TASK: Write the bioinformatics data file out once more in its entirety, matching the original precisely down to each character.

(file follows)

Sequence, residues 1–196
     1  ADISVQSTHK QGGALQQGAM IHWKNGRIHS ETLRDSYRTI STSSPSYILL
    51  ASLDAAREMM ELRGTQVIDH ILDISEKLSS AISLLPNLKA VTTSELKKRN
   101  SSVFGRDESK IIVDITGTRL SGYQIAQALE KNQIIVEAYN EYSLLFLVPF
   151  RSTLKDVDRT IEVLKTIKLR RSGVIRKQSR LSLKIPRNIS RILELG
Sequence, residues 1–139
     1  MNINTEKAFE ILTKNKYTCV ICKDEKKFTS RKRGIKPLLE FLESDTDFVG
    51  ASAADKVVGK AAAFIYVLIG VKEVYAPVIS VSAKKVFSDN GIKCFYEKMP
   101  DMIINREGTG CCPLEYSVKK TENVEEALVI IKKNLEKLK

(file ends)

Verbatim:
Sequence, residues 1–196
     1  ADISVQSTHK QGGALQQGAM IHWKNGRIHS ETLRDSYRTI STSSPSYILL
    51  ASLDAAREMM ELRGTQVIDH ILDISEKLSS AISLLPNLKA VTTSELKKRN
   101  SSVFGRDESK IIVDITGTRL SGYQIAQALE KNQIIVEAYN EYSLLFLVPF
   151  RSTLKDVDRT IEVLKTIKLR RSGVIRKQSR LSLKIPRNIS RILELG
Sequence, residues 1–139
     1  MNINTEKAFE ILTKNKYTCV ICKDEKKFTS RKRGIKPLLE FLESDTDFVG
    51  ASAADKVVGK AAAFIYVLIG VKEVYAPVIS VSAKKVFSDN GIKCFYEKMP
   101  DMIINREGTG CCPLEYSVKK TENVEEALVI IKKNLEKLK